NORD gratefully acknowledges Agnieszka Swiatecka-Urban, MD, FASN, Assistant Professor of Pediatrics and Cell Biology and Physiology, Children's Hospital of Pittsburgh, University of Pittsburgh School of Medicine, for assistance in the preparation of this report.
Denys-Drash syndrome (DDS) is characterized by abnormal kidney function (congenital nephropathy), a cancerous tumor of the kidney called Wilms tumor, and disorders of sexual development in affected males. Most affected females have normal genitalia. DDS is agenetic disorder caused by mutations in the Wilms tumor suppressor gene, WT1.
The initial symptoms of DDS may be similar to nephrotic syndrome and include edema, abdominal distention and recurrent infections, sometimes present at birth but more often developing between 1 and 2 years of age. Many affected children develop high blood pressure (hypertension). The kidney abnormality that results in abnormal kidney function is termed diffuse mesangial sclerosis and usually results in a progression to renal failure during the first three years of life.
Wilms tumor occurs in approximately 90% of affected individuals and is sometimes the first clinical sign of the disease. Signs of Wilms tumor can include abdominal swelling, blood in the urine, decreased urination, low-grade fever, loss of appetite, paleness, weight loss and lethargy.
Disorders of sexual development also occur in males with DDS and are rare in females with this condition. These are conditions in which a boy has normal male chromosomes (46, XY), but the external genitals are incompletely formed, ambiguous, or clearly female. Testes may be normal, malformed, absent, or internal (undescended). Affected individuals of both genders are at risk for cancers of the testes or ovaries.
DDS is a genetic disorder caused by mutations in the Wilms tumor suppressor gene, WT1. The vast majority of the mutations occur in one of two areas of the gene located on chromosome 11, called exon 8 or exon 9. While mutations in a single copy of the WT1 gene are sufficient to produce nephropathy and disorders of sexual development, Wilms tumor results from mutations in both copies of the WT1 gene. The abnormal product of a single copy of mutant WT1 gene interferes with the function of the unaffected copy of the WT1 gene and changes its normal regulatory function. This is sufficient to produce nephropathy and disorders of sexual development. In contrast, Wilms tumor is a result of two independent events (two-hit hypothesis) that sequentially lead to loss of function of both copies of the WT1 gene. The first mutation in a single copy of the WT1 gene (first hit) leads to persistence of an undifferentiated tissue in the developing kidney, called mesenchyme. Subsequently, another mutation (second hit) in the second copy causes uncontrolled cell growth in the kidney and Wilms tumor formation.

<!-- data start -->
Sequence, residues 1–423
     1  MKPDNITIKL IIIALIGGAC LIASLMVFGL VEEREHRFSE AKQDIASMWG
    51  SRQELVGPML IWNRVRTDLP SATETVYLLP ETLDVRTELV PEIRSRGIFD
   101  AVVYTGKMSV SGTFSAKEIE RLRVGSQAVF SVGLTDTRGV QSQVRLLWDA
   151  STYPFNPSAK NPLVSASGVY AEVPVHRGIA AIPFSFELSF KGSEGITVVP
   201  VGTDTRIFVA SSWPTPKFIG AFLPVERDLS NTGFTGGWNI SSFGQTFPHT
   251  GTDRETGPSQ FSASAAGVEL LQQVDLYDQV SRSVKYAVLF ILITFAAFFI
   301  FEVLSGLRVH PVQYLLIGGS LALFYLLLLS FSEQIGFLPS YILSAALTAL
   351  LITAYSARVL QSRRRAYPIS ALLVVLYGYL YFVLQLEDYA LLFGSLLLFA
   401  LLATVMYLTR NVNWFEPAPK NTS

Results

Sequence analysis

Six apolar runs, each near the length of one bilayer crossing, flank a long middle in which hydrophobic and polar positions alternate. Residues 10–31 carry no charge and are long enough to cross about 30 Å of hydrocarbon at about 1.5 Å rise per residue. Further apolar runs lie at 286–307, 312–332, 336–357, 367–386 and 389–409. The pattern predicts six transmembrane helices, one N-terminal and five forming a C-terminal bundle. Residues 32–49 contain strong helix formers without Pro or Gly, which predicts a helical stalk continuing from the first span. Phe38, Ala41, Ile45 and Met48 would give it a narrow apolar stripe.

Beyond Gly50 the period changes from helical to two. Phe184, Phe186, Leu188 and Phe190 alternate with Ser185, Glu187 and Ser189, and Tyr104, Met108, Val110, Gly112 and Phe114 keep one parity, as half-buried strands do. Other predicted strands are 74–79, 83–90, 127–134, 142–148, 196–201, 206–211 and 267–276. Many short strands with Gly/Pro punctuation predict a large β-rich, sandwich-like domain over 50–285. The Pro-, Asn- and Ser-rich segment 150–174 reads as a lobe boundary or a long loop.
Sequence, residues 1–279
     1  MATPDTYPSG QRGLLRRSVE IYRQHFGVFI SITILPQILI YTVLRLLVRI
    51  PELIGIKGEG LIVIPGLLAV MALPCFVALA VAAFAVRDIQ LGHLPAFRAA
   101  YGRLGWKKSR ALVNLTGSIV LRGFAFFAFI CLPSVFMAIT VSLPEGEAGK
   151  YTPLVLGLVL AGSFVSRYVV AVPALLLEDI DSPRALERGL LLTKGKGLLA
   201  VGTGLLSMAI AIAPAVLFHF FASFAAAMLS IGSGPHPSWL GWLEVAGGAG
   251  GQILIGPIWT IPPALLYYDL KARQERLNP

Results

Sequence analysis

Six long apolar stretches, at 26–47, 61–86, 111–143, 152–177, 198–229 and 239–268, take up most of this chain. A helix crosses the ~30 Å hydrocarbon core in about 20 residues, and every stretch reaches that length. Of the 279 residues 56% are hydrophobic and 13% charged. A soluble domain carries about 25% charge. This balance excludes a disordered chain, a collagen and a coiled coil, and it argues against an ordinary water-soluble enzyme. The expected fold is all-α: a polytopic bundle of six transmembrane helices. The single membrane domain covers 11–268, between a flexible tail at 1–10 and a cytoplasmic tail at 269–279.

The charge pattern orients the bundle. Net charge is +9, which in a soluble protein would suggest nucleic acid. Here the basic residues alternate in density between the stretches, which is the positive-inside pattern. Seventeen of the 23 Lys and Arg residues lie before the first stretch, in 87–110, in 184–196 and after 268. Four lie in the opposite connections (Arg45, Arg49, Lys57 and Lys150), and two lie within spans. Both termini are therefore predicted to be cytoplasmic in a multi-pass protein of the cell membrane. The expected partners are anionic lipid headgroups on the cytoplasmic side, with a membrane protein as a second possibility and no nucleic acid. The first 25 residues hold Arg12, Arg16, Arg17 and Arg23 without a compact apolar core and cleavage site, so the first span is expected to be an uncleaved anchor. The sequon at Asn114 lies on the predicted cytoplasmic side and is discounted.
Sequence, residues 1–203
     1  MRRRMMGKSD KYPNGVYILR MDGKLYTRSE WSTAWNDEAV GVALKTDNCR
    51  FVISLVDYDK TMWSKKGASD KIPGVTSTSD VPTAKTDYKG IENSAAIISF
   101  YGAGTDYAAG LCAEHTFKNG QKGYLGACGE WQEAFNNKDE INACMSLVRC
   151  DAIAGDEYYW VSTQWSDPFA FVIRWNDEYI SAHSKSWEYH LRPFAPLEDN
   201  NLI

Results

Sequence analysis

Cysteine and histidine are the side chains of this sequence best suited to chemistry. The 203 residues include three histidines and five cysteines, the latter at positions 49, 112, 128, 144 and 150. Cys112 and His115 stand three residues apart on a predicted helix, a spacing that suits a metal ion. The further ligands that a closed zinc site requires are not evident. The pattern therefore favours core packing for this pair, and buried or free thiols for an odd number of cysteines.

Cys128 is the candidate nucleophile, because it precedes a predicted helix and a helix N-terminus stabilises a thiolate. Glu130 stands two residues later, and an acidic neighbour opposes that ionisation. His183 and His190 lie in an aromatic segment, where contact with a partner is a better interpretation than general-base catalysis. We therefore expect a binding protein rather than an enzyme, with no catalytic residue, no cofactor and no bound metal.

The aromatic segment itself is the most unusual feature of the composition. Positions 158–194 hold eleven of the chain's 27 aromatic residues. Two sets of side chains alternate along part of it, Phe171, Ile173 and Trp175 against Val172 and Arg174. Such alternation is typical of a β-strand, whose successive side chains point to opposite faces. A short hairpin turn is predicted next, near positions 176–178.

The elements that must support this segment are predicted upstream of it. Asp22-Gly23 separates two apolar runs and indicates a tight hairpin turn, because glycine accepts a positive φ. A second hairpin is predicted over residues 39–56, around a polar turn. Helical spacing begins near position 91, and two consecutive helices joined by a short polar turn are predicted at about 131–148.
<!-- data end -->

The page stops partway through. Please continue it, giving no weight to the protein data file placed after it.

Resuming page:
Most cases of DDS are not inherited from a parent and occur as the result of a new gene mutation.
The prevalence of DDS is not known. Over 200 cases have been reported in the medical literature.
DDS is diagnosed by physical signs and symptoms, laboratory tests, imaging studies, and kidney biopsy to document diffuse mesangial sclerosis. Molecular genetic testing for the WT1 gene is available to confirm the diagnosis.
The treatment of DDS is supportive and requires consultation with a pediatric nephrologist, pediatric oncologist, pediatric surgeon, pediatric endocrinologist and geneticist.
Medical care involves management of fluids and electrolytes, treatment for hypertension and chemotherapy for Wilms tumor, if present. Prophylactic removal of kidneys (nephrectomy) is recommended when the diagnosis of DDS is made prior to development of Wilms tumor. Renal replacement therapy, including dialysis and/or kidney transplantation, are recommended following end-stage renal failure or nephrectomy. Surgical removal of internal reproductive organs (gonadectomy) is recommended because of the high risk for gonadal malignancy.
Genetic counseling is recommended. Other treatment is symptomatic and supportive.
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Contact for additional information about Denys-Drash syndrome:
Agnieszka Swiatecka-Urban, M.D., F.A.S.N.
Assistant Professor of Pediatrics and Cell Biology and Physiology
Children’s Hospital of Pittsburgh,
University of Pittsburgh School of Medicine
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